TO CHEW ON: "For whoever exalts himself will be humbled, and he who humbles himself will be exalted." Luke 14:11
Humility — why do we find it so hard to live this most attractive of character traits? Perhaps because it is so counter-intuitive? How unnatural does it feel to keep quiet about a triumph, a win or achievement, a raise, a compliment? Yet even people who don't acknowledge any spiritual motivation for their actions realize the value of humility and feel disappointment at their own lack of it. Poet and teacher Mary Kinzie, speaking of the trend in the literary world to promote oneself writes:
“This was a world in which there was a constant encouragement to promote oneself, to mention every little mention of oneself. To be your own entrepreneur. Deadly to art. I tried not to play, but did just a little – enough so that I neither made a good showing among them nor kept my heart pure.” (Mary Kinzie, quoted in an article that is no longer on line)
Jesus, on the other hand, was a great fan of humility. He implied that humility would eventually be the lot of everyone by one means or another, and the person who sought to avoid humility by exalting himself would be forcibly humbled.
I can think of several reasons why living a life of humility is the better option:
1. It ensures that we do things with the right motives — not for self-glory but for the glory of God (1 Corinthians 10:31).
2. It ensures that jobs or roles that have no glory attached to them get done or filled (1 Corinthians 12:20-25).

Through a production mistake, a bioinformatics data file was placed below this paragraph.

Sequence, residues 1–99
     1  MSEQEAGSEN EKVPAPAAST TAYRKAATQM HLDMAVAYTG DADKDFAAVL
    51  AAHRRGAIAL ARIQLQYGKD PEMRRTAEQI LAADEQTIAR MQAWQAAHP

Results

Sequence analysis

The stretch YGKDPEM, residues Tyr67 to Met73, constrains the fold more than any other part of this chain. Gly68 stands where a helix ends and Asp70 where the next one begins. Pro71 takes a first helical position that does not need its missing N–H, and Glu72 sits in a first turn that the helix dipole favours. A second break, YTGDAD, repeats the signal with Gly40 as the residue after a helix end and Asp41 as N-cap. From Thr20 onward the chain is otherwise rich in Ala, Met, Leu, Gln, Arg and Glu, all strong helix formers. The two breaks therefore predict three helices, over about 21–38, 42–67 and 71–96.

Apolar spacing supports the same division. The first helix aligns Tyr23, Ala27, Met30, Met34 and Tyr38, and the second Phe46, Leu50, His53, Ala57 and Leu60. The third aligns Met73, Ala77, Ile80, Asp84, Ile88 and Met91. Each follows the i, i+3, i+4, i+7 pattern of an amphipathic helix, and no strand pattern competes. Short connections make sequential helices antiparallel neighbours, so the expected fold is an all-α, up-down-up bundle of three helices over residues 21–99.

3. Living by the humble ideal helps us set our sites on long-range and lasting heavenly rewards versus immediate and fleeting praise (Matthew 6:1-4).
But I find that knowing these things doesn't make it any easier to be humble.
PRAYER: Dear God, please help me to cultivate true humility. Amen.
MORE: Traits of the self-life
I have taped in one of my Bibles a small but very convicting tract called "Traits of the Self-Life." It consists of a list of those things that characterize our carnal selves. As I read through the items, I am struck by how many involve pride (the opposite of humility). I will quote the first few paragraphs:
"The following are some of the features and manifestations of the self-life. The Spirit alone can interpret and apply this to your individual case. As you read, examine yourself as if in the immediate presence of God.
Are you ever conscious of:
A secret spirit of pride — an exalted feeling, in view of your success or position; because of your good training and appearance; because of your natural gifts and abilities. An important independent spirit. Stiffness and preciseness?
Love of human praise; a secret fondness to be noticed; love of supremacy, drawing attention to self in conversation; a swelling out of self when you have had a free time in speaking or praying?
The stirrings of anger or impatience, which worst of all, you call nervousness or holy indignation; a touchy, sensitive spirit; a disposition to resent and retaliate when disapproved of or contradicted; a desire to throw sharp, heated flings at another?
Self-will; a stubborn unteachable spirit; an arguing, talkative spirit; harsh, sarcastic expressions; an unyielding, headstrong disposition; a driving commanding spirit; a disposition to criticize and pick flaws when set aside and unnoticed; a peevish, fretful spirit; a disposition that loves to be coaxed and humored?...
[...]These are some of the traits which generally indicate a carnal heart. By prayer, hold your heart open to the searchlight of God, until you see the groundwork thereof. The Holy Ghost will enable you, by confession and faith, to bring your "self-life" to the death. Do not patch over but go to the bottom. It will pay." (Published by Western Tract Mission, Saskatoon, Sk.)One of the pastors at my church is currently preaching a series on HUMILITY. Listen to/watch his talks HERE.
Do your 8-12-year-olds have daily devotions? Point them to Bible Drive-Thru.